• You might need to work with cookies.

  • The system might cache some data, so do you want to use the cache or not?

and the list goes on and on.

So the fact that it's easy to do these with Python necessarily means that a lot of these are hidden from you (or difficult to set), so you trade simplicity for power. The C library is the opposite: it has all the power you need (you can easily perform system calls), but doesn't have any defaults (or, in fact, any features for connecting to the internet).

Instead of thinking of C as being tedious, think of it as being powerful. But in any case, don't try to connect to the internet with it -- that's a pretty darn hard thing to do. Instead, start learning how to use the library for more basic tasks (e.g. file I/O), learn about how pointers and arrays really work, and when you learn all those, then try tackling big projects. You'll appreciate Python more that way too. :)


Edit:

I personally suggest that, if you have free time, learn C# first instead. As soon as you get comfortable with it, start learning about the unsafe keyword and how to use pointers and do marshaling in C#. You'll still have a really big library to work with, like with Python, but you'll be able to do a lot of things that you can do in C. Then transition into calling system API's manually (like InternetOpen), and learn how to get those to work. You'll still have a lot of flexibility but you'll get a great introduction to lower-level concepts. After you've done these, then start learning C -- then you'll find it to be a piece of cake, and you'll see (C? get it?) the advantages and disadvantages of high-level and low-level languages, and you'll be able to find the one that suits your needs.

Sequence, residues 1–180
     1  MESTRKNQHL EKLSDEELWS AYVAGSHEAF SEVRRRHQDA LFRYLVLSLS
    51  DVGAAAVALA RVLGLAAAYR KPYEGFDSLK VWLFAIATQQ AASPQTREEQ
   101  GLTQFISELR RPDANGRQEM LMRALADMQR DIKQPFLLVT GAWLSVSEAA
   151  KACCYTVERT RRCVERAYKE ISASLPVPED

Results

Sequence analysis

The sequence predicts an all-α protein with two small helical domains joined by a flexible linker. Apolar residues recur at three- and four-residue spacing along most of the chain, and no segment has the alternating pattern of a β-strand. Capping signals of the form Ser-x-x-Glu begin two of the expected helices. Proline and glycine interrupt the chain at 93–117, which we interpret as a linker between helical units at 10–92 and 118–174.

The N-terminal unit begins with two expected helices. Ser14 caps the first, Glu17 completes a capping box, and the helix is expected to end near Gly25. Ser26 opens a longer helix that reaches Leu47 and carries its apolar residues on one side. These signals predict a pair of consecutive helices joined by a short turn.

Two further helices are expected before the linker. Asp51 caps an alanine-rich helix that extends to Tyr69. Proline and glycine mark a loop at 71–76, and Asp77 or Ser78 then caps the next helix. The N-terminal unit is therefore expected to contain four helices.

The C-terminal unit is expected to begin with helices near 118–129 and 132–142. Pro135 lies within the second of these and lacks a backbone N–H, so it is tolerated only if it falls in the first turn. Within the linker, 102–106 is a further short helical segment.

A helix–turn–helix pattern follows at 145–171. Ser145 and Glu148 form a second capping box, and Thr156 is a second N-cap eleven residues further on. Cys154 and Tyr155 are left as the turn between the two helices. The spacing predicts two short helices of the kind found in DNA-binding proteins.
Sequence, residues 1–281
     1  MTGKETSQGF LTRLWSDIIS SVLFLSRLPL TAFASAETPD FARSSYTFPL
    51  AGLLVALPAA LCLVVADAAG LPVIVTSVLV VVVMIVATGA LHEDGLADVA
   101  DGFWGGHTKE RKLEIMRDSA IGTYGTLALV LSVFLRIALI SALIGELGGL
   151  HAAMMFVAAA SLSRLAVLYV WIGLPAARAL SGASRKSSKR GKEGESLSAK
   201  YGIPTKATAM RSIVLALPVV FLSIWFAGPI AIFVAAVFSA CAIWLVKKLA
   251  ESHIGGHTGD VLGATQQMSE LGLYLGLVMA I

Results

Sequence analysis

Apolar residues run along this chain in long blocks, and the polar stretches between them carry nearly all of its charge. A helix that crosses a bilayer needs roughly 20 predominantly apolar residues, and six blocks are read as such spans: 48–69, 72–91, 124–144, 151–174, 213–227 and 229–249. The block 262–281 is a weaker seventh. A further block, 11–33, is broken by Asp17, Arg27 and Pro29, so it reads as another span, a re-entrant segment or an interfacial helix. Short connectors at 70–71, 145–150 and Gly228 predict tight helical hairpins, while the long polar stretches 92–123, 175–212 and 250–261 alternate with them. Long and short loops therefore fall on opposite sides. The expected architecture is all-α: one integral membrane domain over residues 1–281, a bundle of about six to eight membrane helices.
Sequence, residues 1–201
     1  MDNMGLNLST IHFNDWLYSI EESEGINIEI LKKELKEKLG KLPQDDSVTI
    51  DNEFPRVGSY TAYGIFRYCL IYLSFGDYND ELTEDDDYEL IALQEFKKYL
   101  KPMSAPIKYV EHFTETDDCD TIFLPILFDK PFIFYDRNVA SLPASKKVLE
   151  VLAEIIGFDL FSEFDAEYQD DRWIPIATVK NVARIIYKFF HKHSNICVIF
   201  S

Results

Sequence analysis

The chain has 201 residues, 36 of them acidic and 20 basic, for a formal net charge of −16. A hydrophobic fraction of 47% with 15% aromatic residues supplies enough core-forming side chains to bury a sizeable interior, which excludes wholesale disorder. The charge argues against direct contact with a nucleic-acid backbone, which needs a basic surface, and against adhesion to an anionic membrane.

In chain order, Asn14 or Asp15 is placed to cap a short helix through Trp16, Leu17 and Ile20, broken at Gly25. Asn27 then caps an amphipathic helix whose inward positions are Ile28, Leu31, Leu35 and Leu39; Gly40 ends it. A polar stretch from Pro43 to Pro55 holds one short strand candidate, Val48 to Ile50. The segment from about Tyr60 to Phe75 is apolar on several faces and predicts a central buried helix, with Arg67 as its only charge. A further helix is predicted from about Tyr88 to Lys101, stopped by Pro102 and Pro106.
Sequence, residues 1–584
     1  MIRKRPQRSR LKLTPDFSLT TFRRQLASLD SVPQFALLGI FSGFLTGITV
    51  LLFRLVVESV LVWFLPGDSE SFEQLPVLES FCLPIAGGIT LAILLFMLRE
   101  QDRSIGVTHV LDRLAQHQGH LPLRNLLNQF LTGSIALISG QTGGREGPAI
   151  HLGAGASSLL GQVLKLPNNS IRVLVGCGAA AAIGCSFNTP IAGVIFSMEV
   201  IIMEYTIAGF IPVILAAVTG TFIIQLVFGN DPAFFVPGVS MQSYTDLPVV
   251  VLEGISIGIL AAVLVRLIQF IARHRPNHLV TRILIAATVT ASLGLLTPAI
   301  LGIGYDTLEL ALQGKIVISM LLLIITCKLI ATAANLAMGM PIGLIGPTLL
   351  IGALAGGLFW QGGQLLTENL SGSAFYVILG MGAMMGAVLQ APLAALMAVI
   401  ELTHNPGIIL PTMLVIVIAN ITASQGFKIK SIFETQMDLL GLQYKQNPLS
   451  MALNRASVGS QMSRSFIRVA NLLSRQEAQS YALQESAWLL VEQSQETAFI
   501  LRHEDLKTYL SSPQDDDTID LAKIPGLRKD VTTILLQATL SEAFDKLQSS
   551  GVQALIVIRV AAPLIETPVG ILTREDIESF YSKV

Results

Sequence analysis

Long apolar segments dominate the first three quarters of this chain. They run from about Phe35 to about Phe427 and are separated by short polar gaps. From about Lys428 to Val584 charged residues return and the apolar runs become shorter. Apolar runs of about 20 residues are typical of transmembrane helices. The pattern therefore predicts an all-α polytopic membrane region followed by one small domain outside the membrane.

That said, I think A Crash Course in C might be useful as a starting point to jump into the sea C.

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Don't read kernel code when you're learning C. It's full of tricks to squeeze every last bit of performance out of it. Some of it is very non-standard. It'll drive you crazy.

Instead, take a look at a few smallish, high code quality projects:

  • Lua - If you're not interested in programming languages, you may want to skip this one. Otherwise, it's truly beautiful code and amazing to see how much they accomplish with so little (something you seem frustrated by since you're coming from Python).
  • ZeroMQ - I love this project. It's a light-weight, super-fast message queue. Again, high quality stuff.
  • DarkHttpd - A 2700 line web server in C. Covers a few fun topics like socket programming, parsing, and working with protocols.
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One purpose of a higher high level language is to hide complicated things. If you want to learn a "lower" level language, and don't want to start with really complicated things (that were formerly mostly hidden from you); try starting with some simpler learning projects, sorting an array of numbers, or reversing a string of characters, or some such...

It's easier to go up a steep hill by taking small steps.

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As far as cool projects to look at: Unix kernels are written in C.

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Did you mean to add a link? –  jmort253 Feb 27 '11 at 2:42
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Learn C grammar first , and then use it to write data structure and algorithm. Of course you can read Linux kernel as you expert c language.